If you are stuck in an underwater home and are considering a short sale, you may be in for a surprise if you don’t close on the sale by the end of the year. Starting Jan. 1, 2013, the IRS will begin counting most forgiven mortgage debt as income that can be taxed.

Even if you convince the bank to forgive the difference between the sale price of your home and the full amount you owe on it, you are still facing a big risk if it’s done after December 31, 2012. This is an especially hard hit for people who have been struggling to pay their mortgage and finally realize they need a fresh start. For example, if a bank reduces a mortgage principle by $100,000, that homeowner would be taxed on that amount, because it is treated as income. This means that a homeowner in a 20% tax bracket would owe $20,000 after losing their home and trying to move on.

Will the Tax Relief Be Extended?

The Mortgage Forgiveness Debt Relief Act passed in 2007 at the beginning of the housing decline.  Congress has discussed extending the measure, but if the law will be extended with only 3 months to go until the end of the year, particularly considering it is an election year. Extending the provision for two years would cost the government more than $2 billion in tax revenue, at a time when Republicans and Democrats both boast about cutting deficits. On the other hand, Congress may consider that there are still way too many short sales that have not yet been approved yet and the consequences for the home industry are far too great to slow the turn-around by failing to extend this benefit.

It goes without saying that these tax consequences may place families in a bind.  That does not mean that a short sale suddenly becomes a bad idea after the beginning of the year.  On the contrary, it still may be the best solution depending on your specific circumstances.  But, it is important for all families to be fully educated about their options and the ramifications of each choice.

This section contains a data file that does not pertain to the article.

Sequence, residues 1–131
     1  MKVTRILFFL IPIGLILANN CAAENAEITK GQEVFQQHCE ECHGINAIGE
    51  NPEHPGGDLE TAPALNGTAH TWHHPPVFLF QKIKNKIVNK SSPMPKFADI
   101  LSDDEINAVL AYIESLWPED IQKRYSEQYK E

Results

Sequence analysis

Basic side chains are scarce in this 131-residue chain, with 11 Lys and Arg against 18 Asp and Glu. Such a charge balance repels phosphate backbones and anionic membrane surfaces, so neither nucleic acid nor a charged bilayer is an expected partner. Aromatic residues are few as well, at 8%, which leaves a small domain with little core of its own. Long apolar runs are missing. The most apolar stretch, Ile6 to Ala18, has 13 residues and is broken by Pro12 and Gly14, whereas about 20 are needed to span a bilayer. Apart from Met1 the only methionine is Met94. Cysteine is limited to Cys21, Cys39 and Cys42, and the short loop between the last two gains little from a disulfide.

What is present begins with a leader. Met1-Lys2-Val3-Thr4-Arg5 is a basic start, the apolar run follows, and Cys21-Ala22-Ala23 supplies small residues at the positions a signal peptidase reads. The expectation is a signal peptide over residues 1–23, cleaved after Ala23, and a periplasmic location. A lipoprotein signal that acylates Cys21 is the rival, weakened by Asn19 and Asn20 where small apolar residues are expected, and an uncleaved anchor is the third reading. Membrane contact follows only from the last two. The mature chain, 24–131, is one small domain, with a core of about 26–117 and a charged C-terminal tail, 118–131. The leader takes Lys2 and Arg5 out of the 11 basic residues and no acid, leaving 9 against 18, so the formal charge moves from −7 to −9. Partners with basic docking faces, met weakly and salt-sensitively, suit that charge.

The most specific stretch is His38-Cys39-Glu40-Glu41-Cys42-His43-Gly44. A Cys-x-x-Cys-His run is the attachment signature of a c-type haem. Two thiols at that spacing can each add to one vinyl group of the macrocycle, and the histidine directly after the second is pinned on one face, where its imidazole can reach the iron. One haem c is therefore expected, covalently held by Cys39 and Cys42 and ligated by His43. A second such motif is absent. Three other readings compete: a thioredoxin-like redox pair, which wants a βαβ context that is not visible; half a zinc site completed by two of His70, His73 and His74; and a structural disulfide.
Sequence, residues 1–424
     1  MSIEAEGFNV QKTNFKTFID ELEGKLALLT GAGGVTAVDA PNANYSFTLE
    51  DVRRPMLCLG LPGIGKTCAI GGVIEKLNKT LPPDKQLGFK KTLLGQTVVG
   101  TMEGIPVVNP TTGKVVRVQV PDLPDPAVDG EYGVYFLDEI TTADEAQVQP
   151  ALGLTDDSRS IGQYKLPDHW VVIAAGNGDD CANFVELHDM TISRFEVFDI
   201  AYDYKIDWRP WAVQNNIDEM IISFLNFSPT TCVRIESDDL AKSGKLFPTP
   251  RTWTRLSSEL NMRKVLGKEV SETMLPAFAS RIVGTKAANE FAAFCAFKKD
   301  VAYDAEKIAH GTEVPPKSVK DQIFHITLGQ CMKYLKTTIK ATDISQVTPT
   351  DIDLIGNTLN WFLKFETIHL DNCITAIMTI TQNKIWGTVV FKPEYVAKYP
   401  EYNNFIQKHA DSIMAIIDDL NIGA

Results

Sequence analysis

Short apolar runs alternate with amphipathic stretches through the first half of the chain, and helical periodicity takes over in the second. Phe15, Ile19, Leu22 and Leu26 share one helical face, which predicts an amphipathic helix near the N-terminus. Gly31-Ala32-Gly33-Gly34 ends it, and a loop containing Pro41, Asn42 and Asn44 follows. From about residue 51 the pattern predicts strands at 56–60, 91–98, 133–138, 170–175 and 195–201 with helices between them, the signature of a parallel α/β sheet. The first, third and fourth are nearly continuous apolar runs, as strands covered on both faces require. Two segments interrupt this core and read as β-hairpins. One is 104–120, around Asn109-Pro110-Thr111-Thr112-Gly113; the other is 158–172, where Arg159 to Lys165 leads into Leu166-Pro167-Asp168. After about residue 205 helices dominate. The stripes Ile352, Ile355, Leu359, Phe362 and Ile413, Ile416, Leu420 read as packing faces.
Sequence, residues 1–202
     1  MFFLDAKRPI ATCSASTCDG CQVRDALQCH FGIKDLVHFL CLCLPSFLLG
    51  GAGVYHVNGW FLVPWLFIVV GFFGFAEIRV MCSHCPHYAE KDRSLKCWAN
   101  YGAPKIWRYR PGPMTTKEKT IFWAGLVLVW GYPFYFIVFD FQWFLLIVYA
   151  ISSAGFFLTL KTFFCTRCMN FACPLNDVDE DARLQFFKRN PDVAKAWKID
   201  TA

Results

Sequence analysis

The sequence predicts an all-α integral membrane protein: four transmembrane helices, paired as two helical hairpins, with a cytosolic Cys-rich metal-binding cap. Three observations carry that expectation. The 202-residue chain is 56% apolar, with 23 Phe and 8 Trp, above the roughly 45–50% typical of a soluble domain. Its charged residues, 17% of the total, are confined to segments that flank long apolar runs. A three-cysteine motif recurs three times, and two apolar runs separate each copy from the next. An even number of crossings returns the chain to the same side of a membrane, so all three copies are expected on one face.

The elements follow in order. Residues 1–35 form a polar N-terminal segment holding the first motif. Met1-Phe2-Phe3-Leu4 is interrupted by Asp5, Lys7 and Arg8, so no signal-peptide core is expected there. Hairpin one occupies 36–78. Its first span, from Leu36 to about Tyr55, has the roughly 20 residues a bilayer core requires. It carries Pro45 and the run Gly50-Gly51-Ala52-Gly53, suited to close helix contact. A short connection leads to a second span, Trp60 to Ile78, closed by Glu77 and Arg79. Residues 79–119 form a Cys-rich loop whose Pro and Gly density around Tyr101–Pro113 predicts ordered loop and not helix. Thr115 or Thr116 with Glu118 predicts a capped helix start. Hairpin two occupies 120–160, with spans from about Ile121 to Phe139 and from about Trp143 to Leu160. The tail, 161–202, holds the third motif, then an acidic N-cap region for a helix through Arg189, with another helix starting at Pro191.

What The Law Does Now?

What the law does now is it allows homeowners to write off up to $2 million in mortgage debt this year, as long as it was spent on buying or improving a primary residence. By the beginning of 2013 that won’t be the case.  So while securing a deficiency waiver will keep the bank collectors away, the IRS will still want to be paid its percentage of the waived amount.

The bottom line is that there is little to lose by acting fast, and trying to secure the benefit that exists today.  No matter what, even if things do not fall into place this year, never forget that you do have options. If you want help with this matter to find the best possible solution for your situation, contact one of our experienced Burlington County short sale lawyers, free of charge.

CategoryReal Estate